Going, going, gone? No date yet released for Rubelmann demolition
Rumors about the oldest dorm on the South 40’s replacement have been circulating for years with a lack of funding stalling the project. However, freshman Nisha Dhanik, who lives in Ruby, believes that this year is different.
“My brother actually went to Wash. U., and he was in Ruby [in 2007-08] as well. He said after his freshman year that Ruby was going to get torn down…but this year, everyone’s saying that it really will,” Dhanik said.
Dhanik also said her residential advisor informed her floor that residents would be allowed to paint their walls at the end of the year, assuming the demolition does occur.
Junior Arya Parhar, a former Ruby resident, stated she also felt more certain about Ruby’s destruction this year than in previous years.
“They have those building plans—just as you leave [Bear’s Den], there’s that picture of the future Rubelmann Hall, so I guess I do buy into it more,” Parhar said.
Dean of Students Justin Carroll said that although the final decision on whether to tear down Ruby will not be made until after winter break, he does expect the demolition to take place this summer. He said the housing being constructed on the Delmar Loop would compensate for any shortage of beds.
“All things considered, we should be in a pretty good position to be able to go ahead with it because we’re adding so many new beds. Even though they’re not freshman beds, it’s the total number of beds we have to be concerned with,” Carroll said.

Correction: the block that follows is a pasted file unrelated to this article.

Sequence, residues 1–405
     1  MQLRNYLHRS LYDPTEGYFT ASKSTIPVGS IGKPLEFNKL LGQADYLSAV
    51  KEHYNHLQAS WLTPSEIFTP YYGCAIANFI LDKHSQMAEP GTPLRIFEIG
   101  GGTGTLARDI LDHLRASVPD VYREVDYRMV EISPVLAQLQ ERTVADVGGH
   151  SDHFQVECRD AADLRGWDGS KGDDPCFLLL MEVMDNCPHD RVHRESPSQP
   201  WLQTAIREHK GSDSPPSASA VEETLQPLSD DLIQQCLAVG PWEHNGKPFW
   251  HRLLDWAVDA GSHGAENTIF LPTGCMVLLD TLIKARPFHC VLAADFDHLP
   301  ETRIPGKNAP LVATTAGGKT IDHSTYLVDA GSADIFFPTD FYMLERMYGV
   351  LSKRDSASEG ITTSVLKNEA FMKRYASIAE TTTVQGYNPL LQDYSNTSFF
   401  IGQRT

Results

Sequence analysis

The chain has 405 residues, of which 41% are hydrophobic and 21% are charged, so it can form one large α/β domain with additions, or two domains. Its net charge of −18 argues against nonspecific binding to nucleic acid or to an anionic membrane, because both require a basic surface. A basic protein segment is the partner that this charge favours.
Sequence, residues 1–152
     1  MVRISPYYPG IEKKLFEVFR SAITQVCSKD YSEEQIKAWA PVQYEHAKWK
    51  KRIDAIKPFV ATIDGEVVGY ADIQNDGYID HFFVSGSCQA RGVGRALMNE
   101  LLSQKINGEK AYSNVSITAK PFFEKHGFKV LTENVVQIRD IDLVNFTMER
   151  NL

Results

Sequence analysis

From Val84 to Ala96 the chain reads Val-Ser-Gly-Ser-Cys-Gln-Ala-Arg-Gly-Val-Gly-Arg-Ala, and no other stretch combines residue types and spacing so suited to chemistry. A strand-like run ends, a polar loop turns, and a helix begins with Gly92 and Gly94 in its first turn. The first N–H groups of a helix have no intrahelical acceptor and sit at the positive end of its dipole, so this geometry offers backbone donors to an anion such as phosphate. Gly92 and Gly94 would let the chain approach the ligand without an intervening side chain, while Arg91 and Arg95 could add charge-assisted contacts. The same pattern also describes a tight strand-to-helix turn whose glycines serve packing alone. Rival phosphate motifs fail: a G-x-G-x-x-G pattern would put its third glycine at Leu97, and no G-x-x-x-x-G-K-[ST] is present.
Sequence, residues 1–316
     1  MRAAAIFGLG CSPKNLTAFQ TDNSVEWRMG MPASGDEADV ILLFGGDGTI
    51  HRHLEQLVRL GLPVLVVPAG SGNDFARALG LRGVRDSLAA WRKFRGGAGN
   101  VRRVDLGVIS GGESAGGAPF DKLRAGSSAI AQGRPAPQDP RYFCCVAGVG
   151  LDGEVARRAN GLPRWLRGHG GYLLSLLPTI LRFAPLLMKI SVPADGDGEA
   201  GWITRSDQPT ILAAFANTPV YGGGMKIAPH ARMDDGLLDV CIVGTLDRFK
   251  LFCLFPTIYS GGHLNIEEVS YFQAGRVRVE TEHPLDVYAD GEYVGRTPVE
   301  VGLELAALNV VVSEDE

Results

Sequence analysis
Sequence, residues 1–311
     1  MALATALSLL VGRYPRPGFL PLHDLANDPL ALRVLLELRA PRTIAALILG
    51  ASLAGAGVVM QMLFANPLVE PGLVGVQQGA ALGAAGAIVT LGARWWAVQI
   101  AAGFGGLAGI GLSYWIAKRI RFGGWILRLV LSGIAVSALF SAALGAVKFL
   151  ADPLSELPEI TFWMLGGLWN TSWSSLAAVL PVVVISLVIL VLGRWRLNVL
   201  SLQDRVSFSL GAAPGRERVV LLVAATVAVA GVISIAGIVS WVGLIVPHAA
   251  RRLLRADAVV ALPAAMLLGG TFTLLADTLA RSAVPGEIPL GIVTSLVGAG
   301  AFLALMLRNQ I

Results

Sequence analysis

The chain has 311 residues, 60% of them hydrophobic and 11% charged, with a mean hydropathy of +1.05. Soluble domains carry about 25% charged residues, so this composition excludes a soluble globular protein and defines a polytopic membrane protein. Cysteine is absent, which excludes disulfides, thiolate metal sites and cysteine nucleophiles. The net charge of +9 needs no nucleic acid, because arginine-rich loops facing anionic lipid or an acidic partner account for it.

Carroll added that Washington University is proceeding with plans for the building that will replace Ruby whenever the latter is knocked down.
Dhanik said that although she would be sorry to see Ruby go, she appreciated the fact that future students would have more modern amenities.
“I know when I’m an upperclassman that it’d be nice just to kind of walk around everywhere I went as a freshman, and I won’t be able to do that with Ruby…it is positive that the kids will have a new dorm now, and it’ll be a lot nicer—bathrooms won’t flood and lights won’t turn off,” Dhanik said.
As a former resident, Parhar also said the dorm’s potential demolition saddened her.
“You kind of bond over how bad the [dorm] is. It’ll be sad to not be able to go back and say, ‘Oh, that’s my old dorm room,’” Parhar said.